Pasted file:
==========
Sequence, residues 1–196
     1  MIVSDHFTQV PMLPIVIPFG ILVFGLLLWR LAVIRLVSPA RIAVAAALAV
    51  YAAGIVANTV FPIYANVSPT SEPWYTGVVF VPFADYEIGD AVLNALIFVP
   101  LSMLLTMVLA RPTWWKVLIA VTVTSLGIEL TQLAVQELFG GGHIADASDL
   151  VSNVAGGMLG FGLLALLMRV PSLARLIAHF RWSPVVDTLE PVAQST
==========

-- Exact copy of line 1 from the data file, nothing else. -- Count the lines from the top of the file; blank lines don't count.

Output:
Sequence, residues 1–196